White House Covid czar urges seniors to get omicron booster now
On Monday, a senior White House health official issued a stern warning to seniors about the health risks they face this fall and winter due to Covid-19.
Dr. Ashish Jha, head of the White House Covid task force, said all people over 50 and especially the elderly need to get an omicron booster as soon as possible.
“If you are over 50, and if you are over 65, you should get these shots because they can literally save your life. It’s the difference between life and death,” Jah said in an interview with Yahoo. Finance.
The elderly have faced a high risk of becoming seriously ill with Covid since the beginning of the pandemic. On average, more than 330 people still die every day from Covid, according to the Centers for Disease Control and Prevention.
About 70% of people dying from Covid now are people aged 75 or older, Jah told reporters earlier this month. He said people dying from Covid are either not up to date with their vaccines or not receiving treatment, such as the Paxlovid antiviral pill, when they have breakthrough infections.
“If you are up to date with your vaccines and if you are being treated, if you have a breakthrough infection, your risk of dying from Covid is now close to zero,” Jah told reporters at the White House last week.
He said people should get their omicron booster by Halloween so they have Thanksgiving protection when families and friends start gathering for the holidays. US health officials expect a new infection this winter as people spend more time indoors, where the virus is more easily transmitted by airborne droplets.
The FDA and CDC are confident that the new boosters will provide better protection against infection as they target the dominant omicron BA.5 subvariant, and first-generation vaccines have been developed against the first strain that emerged in Wuhan, China. in 2019. .
Initial shots no longer provide meaningful protection against infections and minor illnesses because the virus has mutated heavily since the start of the pandemic. In addition to Omicron BA.5, the new boosters also include the original Covid strain. Health officials believe these bivalent vaccines will provide superior protection even as the virus continues to evolve because vaccines cover so many mutations.
It is not yet clear how effective the new accelerators will be in the real world. The FDA authorized vaccinations without direct human data, instead relying on clinical trials for a similar vaccine targeting the first version of omicron, BA.1.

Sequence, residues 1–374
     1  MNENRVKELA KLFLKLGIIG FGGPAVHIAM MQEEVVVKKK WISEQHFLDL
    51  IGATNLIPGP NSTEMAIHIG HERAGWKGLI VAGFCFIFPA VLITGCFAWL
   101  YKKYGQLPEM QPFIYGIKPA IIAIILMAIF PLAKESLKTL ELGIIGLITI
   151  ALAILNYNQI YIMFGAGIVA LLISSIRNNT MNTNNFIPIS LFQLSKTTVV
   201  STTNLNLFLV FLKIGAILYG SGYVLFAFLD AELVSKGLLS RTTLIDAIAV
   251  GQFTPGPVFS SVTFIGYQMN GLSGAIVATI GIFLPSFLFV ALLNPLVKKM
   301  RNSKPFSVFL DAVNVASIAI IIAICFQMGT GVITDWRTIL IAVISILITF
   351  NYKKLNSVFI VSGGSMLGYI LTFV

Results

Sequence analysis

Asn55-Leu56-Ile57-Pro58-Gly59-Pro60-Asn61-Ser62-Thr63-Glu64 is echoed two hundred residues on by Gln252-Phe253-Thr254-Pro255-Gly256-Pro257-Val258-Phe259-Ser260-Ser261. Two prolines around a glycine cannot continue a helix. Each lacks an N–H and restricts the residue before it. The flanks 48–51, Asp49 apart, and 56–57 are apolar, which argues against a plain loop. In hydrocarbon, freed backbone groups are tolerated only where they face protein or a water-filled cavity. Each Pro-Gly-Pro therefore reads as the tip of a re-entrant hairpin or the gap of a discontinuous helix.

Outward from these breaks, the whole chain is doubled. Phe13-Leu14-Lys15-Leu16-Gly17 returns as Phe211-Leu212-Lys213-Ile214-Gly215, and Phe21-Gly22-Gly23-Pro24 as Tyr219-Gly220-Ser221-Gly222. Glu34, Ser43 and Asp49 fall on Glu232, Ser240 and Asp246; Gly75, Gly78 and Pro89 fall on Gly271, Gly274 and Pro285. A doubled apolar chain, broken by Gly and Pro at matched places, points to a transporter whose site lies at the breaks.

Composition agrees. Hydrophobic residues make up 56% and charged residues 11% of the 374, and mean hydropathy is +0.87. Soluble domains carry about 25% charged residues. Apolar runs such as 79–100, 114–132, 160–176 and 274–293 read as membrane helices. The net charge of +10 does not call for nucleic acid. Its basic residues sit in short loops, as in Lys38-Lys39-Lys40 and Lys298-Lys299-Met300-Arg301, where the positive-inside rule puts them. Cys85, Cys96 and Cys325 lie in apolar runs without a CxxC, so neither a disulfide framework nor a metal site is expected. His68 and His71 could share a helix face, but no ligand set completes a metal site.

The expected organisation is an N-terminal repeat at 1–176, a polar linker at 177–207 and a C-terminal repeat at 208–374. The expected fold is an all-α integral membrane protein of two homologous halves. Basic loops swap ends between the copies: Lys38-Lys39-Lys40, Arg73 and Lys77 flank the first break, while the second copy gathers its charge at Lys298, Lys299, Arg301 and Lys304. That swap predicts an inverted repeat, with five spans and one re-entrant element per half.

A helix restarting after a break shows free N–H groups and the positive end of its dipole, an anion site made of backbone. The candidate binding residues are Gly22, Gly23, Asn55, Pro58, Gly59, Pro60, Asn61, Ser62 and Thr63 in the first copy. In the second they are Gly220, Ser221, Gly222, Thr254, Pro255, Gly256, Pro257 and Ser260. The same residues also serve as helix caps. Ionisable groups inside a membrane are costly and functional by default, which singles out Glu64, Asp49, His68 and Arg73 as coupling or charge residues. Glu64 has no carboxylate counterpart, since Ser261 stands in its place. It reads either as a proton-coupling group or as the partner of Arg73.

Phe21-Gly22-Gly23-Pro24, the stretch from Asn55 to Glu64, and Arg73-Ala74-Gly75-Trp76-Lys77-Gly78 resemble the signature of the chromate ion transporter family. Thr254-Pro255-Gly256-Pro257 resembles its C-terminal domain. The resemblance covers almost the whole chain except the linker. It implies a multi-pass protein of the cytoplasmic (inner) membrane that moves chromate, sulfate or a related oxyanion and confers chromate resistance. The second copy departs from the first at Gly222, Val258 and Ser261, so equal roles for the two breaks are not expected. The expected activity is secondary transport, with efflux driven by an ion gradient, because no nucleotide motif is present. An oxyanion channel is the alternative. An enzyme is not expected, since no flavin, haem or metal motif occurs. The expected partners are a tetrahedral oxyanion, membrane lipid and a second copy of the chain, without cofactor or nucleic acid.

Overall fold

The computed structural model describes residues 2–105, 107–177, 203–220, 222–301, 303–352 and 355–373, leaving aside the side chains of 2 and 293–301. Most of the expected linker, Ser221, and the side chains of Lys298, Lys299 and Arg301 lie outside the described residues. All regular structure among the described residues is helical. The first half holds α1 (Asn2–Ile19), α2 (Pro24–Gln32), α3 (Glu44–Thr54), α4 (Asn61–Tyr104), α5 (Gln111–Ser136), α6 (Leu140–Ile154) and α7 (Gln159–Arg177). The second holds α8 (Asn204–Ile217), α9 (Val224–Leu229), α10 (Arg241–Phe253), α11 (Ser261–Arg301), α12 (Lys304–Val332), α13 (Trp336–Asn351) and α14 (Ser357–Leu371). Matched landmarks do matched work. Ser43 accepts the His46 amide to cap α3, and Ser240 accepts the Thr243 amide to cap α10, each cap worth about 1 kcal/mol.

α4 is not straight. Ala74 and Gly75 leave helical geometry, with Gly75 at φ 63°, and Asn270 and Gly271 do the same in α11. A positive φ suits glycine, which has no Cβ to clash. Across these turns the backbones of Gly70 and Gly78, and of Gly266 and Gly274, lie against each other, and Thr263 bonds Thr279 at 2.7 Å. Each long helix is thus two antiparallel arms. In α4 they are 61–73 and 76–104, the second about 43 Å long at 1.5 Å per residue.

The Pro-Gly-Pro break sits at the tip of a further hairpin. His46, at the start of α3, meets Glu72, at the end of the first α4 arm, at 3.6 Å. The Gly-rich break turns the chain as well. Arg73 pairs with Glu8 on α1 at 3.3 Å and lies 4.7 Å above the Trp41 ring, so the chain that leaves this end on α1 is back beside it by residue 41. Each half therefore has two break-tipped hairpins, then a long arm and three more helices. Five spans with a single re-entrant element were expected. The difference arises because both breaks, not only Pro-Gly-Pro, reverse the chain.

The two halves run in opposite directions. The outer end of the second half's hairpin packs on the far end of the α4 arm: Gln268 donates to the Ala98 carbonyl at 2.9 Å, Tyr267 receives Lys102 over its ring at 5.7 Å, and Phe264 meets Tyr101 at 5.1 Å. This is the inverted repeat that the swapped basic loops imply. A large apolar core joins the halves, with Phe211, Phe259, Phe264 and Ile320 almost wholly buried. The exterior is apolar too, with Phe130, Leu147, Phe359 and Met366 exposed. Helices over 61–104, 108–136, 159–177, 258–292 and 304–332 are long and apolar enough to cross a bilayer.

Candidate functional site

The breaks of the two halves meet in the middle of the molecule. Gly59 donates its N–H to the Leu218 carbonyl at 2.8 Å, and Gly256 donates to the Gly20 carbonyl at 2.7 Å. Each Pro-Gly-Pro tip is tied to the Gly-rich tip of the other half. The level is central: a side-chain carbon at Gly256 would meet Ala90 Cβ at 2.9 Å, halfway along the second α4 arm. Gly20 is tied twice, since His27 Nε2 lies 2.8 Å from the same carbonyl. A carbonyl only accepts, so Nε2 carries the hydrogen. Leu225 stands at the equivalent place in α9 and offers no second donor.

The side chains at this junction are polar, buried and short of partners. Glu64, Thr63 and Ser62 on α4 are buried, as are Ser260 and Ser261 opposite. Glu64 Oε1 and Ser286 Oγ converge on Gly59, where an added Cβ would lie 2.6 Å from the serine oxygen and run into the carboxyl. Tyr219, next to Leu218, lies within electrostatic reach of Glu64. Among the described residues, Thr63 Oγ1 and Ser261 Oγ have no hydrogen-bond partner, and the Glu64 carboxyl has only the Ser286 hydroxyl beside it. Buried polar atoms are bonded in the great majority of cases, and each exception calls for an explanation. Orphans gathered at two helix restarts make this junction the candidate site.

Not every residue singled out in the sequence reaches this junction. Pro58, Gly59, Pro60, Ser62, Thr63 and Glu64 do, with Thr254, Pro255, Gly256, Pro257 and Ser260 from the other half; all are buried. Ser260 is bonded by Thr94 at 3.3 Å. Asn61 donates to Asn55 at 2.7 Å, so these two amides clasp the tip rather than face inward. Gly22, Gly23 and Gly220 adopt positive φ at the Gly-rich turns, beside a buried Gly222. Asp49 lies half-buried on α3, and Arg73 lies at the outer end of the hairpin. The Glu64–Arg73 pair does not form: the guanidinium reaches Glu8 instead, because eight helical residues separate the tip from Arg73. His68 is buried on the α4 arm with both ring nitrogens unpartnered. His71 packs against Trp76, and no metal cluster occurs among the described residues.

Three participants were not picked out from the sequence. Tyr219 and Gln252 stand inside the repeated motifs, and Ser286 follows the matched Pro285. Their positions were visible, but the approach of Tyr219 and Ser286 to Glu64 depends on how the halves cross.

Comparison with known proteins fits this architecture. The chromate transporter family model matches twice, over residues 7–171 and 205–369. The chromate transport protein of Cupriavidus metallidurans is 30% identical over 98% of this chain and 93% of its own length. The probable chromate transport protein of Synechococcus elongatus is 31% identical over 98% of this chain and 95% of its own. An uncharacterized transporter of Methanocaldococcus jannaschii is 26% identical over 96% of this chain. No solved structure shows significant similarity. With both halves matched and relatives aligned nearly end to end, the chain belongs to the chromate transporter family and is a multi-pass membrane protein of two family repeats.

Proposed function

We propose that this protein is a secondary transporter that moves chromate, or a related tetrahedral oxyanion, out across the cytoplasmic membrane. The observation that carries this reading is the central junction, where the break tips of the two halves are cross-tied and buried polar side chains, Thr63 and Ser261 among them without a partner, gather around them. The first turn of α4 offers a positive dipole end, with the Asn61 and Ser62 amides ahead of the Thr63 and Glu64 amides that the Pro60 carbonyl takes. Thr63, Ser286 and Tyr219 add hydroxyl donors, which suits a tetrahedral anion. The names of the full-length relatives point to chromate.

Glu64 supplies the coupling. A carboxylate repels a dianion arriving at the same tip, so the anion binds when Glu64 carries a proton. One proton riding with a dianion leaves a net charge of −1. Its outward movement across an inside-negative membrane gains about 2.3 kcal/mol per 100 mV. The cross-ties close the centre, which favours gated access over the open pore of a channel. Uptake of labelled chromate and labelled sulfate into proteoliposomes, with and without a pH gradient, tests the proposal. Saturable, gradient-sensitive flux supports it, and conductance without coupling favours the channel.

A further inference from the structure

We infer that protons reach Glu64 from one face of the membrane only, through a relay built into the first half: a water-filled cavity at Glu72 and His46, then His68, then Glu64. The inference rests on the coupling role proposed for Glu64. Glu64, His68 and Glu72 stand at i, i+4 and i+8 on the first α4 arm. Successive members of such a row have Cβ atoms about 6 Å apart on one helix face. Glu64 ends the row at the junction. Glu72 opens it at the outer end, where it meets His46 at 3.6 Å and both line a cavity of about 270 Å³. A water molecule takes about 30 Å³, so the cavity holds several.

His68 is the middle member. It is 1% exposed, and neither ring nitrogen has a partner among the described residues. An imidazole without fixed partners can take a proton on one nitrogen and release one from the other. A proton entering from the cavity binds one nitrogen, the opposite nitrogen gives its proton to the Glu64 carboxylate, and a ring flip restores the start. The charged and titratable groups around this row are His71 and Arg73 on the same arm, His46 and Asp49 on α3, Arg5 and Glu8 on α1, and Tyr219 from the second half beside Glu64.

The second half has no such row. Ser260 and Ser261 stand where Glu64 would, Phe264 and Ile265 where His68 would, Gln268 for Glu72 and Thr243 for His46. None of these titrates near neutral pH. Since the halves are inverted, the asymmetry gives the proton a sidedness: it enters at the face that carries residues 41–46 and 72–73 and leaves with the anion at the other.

Last week, Pfizer and BioNTech released the first direct data on human vaccinations. The boosters significantly increased protective antibodies in adults aged 18 years and older against omicron BA.5, according to the companies. Antibodies block the entry of the virus into human cells.
Young people should also get revaccinated this fall, Jha said, although they are at lower risk of becoming seriously ill with the virus. Last week, the FDA and CDC quickly approved omicron shots for children ages 5 and up. Jha said the benefits of vaccination outweigh the risks for young people.
“I urged my whole family to get vaccinated, all my friends to get vaccinated, my nieces, nephews and children to get vaccinated because for them the benefits outweigh the risks,” Jha said.
During the massive omicron surge last January, there was a wave of children hospitalized with Covid. Doctors are also concerned that children and young people develop long-term Covid even if their infection is mild.
There is an increased risk of an inflammation of the heart called myocarditis in young men and adolescent boys, mostly after a second dose of Pfizer and Moderna shots. But the CDC, in a study published last April, said the risk of myocarditis is higher after contracting Covid.
The fall booster campaign has begun sluggishly since vaccinations were introduced in September, and about 15 million doses have been administered to date, according to the CDC. Jha said he expects more people to start receiving boosters this month.